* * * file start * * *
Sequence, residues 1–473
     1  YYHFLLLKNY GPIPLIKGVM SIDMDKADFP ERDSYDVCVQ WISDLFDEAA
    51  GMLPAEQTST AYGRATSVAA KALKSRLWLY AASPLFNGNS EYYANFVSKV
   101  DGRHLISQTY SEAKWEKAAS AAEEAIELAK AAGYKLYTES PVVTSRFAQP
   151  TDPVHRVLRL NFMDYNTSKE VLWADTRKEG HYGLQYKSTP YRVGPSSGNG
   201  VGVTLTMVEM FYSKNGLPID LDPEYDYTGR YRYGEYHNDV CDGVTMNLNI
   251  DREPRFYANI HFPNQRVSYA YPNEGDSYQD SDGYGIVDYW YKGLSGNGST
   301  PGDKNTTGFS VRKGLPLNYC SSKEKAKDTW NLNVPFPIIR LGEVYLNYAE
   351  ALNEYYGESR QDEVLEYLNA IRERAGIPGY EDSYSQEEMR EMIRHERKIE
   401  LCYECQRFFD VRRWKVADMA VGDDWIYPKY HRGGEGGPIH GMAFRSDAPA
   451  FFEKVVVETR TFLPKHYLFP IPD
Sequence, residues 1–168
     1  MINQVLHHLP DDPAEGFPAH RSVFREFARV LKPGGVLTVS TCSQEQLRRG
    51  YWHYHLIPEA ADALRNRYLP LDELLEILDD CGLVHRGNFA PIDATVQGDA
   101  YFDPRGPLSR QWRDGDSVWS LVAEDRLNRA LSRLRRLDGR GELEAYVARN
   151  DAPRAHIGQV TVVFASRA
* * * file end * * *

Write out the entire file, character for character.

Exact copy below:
Sequence, residues 1–473
     1  YYHFLLLKNY GPIPLIKGVM SIDMDKADFP ERDSYDVCVQ WISDLFDEAA
    51  GMLPAEQTST AYGRATSVAA KALKSRLWLY AASPLFNGNS EYYANFVSKV
   101  DGRHLISQTY SEAKWEKAAS AAEEAIELAK AAGYKLYTES PVVTSRFAQP
   151  TDPVHRVLRL NFMDYNTSKE VLWADTRKEG HYGLQYKSTP YRVGPSSGNG
   201  VGVTLTMVEM FYSKNGLPID LDPEYDYTGR YRYGEYHNDV CDGVTMNLNI
   251  DREPRFYANI HFPNQRVSYA YPNEGDSYQD SDGYGIVDYW YKGLSGNGST
   301  PGDKNTTGFS VRKGLPLNYC SSKEKAKDTW NLNVPFPIIR LGEVYLNYAE
   351  ALNEYYGESR QDEVLEYLNA IRERAGIPGY EDSYSQEEMR EMIRHERKIE
   401  LCYECQRFFD VRRWKVADMA VGDDWIYPKY HRGGEGGPIH GMAFRSDAPA
   451  FFEKVVVETR TFLPKHYLFP IPD
Sequence, residues 1–168
     1  MINQVLHHLP DDPAEGFPAH RSVFREFARV LKPGGVLTVS TCSQEQLRRG
    51  YWHYHLIPEA ADALRNRYLP LDELLEILDD CGLVHRGNFA PIDATVQGDA
   101  YFDPRGPLSR QWRDGDSVWS LVAEDRLNRA LSRLRRLDGR GELEAYVARN
   151  DAPRAHIGQV TVVFASRA